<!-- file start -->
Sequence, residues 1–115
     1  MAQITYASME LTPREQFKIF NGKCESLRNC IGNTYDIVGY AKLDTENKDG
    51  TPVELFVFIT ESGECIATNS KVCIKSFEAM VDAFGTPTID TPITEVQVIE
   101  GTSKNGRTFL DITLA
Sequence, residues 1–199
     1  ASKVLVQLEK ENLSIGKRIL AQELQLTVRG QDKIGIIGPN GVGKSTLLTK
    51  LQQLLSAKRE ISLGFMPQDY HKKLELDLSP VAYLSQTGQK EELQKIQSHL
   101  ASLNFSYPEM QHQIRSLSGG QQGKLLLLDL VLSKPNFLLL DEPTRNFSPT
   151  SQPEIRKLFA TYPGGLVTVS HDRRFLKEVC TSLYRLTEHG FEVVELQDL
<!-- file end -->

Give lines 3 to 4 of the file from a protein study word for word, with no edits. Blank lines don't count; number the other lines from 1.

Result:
    51  TPVELFVFIT ESGECIATNS KVCIKSFEAM VDAFGTPTID TPITEVQVIE
   101  GTSKNGRTFL DITLA